# Sandy Bridge

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## Sandy Bridge

I was just wondering, how well is GNU Octave compiled to recent CPU architectures?
When running the script below, my CPU simply remains running at the lowest speed: 1.6GHz.
In fact 'turbo mode' should kick in and the CPU should run at 3.8GHz, but it doesn't.
When I trigger the CPU with another program, the script runs twice as fast.
Is there a solution for this problem?

CPU: i7-2600k
Linux Kernel: 3.5.0-17
Gnu Octave: 3.6.4-rc0

## runs=3; % (5) cumulate = 0; p = 0; vt = 0; vr = 0; vrt = 0; rvt = 0; RV = 0; j = 0; k = 0; x2 = 0; R = 0; Rxx = 0; Ryy = 0; Rxy = 0; Ryx = 0; Rvmax = 0; f = 0; for i = 1:runs   x = abs(randn(100,100));   tic;     % Calculation of Escoufier's equivalent vectors     p = size(x, 2);     vt = [1:p];                                % Variables to test     vr = [];                                   % Result: ordered variables     RV = [1:p];                                % Result: correlations     for j = 1:p                                % loop on the variable number       Rvmax = 0;       for k = 1:(p-j+1)                        % loop on the variables         if j == 1           x2 = [x, x(:, vt(k))];         else           x2 = [x, x(:, vr), x(:, vt(k))];     % New table to test         end         R = corr(x2);                      % Correlations table         Ryy = R(1:p, 1:p);         Rxx = R(p+1:p+j, p+1:p+j);         Rxy = R(p+1:p+j, 1:p);         Ryx = Rxy';         rvt = trace(Ryx*Rxy)/((trace(Ryy^2)*trace(Rxx^2))^0.5); % RV calculation         if rvt > Rvmax           Rvmax = rvt;                         % test of RV           vrt(j) = vt(k);                      % temporary held variable         end       end       vr(j) = vrt(j);                          % Result: variable       RV(j) = Rvmax;                           % Result: correlation       f = find(vt~=vr(j));                     % identify the held variable       vt = vt(f);                              % reidentify variables to test     end   timing = toc;   cumulate = cumulate + timing; end times(5, 3) = timing; disp(['Escoufier''s method on a 100x100 matrix (mixed)________ (sec): ' num2str(timing)]) clear x; clear p; clear vt; clear vr; clear vrt; clear rvt; clear RV; clear j; clear k; clear x2; clear R; clear Rxx; clear Ryy; clear Rxy; clear Ryx; clear Rvmax; clear f;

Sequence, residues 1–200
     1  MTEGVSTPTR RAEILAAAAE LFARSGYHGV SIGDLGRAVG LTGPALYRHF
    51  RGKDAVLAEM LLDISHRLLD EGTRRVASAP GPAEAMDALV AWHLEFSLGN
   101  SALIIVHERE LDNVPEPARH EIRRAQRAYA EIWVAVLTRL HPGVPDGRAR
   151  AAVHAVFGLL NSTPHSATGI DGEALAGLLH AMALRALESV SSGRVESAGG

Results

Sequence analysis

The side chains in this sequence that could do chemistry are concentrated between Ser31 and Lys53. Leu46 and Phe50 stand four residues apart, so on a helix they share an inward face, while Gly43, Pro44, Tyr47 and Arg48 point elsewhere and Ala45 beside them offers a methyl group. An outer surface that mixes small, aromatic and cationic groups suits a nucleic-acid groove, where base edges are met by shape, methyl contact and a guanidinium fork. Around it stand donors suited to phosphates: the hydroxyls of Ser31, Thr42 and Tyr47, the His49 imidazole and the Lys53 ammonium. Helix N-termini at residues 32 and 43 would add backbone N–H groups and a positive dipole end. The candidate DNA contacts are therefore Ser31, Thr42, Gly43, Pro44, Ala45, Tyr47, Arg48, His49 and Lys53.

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## Re: Sandy Bridge

 ----- Original Message ----- > From: Graaf_van_Vlaanderen <[hidden email]> > To: [hidden email] > Cc: > Sent: Saturday, October 20, 2012 11:08 AM > Subject: Sandy Bridge > [snip] > Is there a solution for this problem? [snip] http://linux.die.net/man/1/cpufreq-set - at least a workaround. Regards,   Sergei. _______________________________________________ Help-octave mailing list [hidden email] https://mailman.cae.wisc.edu/listinfo/help-octave
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## Re: Sandy Bridge

 In reply to this post by Graaf_van_Vlaanderen If and when your CPU steps to a different speed has absolutely nothing to do with how a program is compiled, it solely depends on the settings of the CPU governor in your operating system. _______________________________________________ Help-octave mailing list [hidden email] https://mailman.cae.wisc.edu/listinfo/help-octave